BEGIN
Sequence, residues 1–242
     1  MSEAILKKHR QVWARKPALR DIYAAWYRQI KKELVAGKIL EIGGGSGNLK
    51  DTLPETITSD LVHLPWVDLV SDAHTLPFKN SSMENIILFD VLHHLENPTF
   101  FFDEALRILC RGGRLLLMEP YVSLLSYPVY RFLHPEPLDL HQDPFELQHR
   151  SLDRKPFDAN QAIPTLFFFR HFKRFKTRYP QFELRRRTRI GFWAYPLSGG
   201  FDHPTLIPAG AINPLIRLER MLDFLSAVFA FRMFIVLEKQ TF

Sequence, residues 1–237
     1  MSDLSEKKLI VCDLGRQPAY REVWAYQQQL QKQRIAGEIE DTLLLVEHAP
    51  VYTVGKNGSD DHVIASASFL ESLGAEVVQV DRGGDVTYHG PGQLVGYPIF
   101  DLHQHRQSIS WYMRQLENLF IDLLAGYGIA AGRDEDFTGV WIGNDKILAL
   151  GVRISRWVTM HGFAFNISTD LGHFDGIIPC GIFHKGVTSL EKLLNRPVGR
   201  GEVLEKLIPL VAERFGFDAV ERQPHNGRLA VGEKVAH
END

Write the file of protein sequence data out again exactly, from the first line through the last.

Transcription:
Sequence, residues 1–242
     1  MSEAILKKHR QVWARKPALR DIYAAWYRQI KKELVAGKIL EIGGGSGNLK
    51  DTLPETITSD LVHLPWVDLV SDAHTLPFKN SSMENIILFD VLHHLENPTF
   101  FFDEALRILC RGGRLLLMEP YVSLLSYPVY RFLHPEPLDL HQDPFELQHR
   151  SLDRKPFDAN QAIPTLFFFR HFKRFKTRYP QFELRRRTRI GFWAYPLSGG
   201  FDHPTLIPAG AINPLIRLER MLDFLSAVFA FRMFIVLEKQ TF

Sequence, residues 1–237
     1  MSDLSEKKLI VCDLGRQPAY REVWAYQQQL QKQRIAGEIE DTLLLVEHAP
    51  VYTVGKNGSD DHVIASASFL ESLGAEVVQV DRGGDVTYHG PGQLVGYPIF
   101  DLHQHRQSIS WYMRQLENLF IDLLAGYGIA AGRDEDFTGV WIGNDKILAL
   151  GVRISRWVTM HGFAFNISTD LGHFDGIIPC GIFHKGVTSL EKLLNRPVGR
   201  GEVLEKLIPL VAERFGFDAV ERQPHNGRLA VGEKVAH